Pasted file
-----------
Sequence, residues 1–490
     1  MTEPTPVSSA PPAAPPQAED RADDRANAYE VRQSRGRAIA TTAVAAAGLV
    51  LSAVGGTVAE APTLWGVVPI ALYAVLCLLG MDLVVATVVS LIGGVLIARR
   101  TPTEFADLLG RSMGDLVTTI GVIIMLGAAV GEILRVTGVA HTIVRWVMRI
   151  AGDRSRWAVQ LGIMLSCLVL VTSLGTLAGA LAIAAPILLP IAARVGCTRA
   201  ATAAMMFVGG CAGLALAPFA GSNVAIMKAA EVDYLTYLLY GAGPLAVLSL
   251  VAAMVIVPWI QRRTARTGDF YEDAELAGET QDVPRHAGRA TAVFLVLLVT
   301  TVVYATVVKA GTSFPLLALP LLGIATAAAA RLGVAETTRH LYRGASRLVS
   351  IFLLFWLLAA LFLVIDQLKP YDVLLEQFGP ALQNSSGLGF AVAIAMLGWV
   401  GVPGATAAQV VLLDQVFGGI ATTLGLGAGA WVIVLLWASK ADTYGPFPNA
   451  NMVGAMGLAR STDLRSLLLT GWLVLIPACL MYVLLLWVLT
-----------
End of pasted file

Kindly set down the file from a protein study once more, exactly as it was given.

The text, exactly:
Sequence, residues 1–490
     1  MTEPTPVSSA PPAAPPQAED RADDRANAYE VRQSRGRAIA TTAVAAAGLV
    51  LSAVGGTVAE APTLWGVVPI ALYAVLCLLG MDLVVATVVS LIGGVLIARR
   101  TPTEFADLLG RSMGDLVTTI GVIIMLGAAV GEILRVTGVA HTIVRWVMRI
   151  AGDRSRWAVQ LGIMLSCLVL VTSLGTLAGA LAIAAPILLP IAARVGCTRA
   201  ATAAMMFVGG CAGLALAPFA GSNVAIMKAA EVDYLTYLLY GAGPLAVLSL
   251  VAAMVIVPWI QRRTARTGDF YEDAELAGET QDVPRHAGRA TAVFLVLLVT
   301  TVVYATVVKA GTSFPLLALP LLGIATAAAA RLGVAETTRH LYRGASRLVS
   351  IFLLFWLLAA LFLVIDQLKP YDVLLEQFGP ALQNSSGLGF AVAIAMLGWV
   401  GVPGATAAQV VLLDQVFGGI ATTLGLGAGA WVIVLLWASK ADTYGPFPNA
   451  NMVGAMGLAR STDLRSLLLT GWLVLIPACL MYVLLLWVLT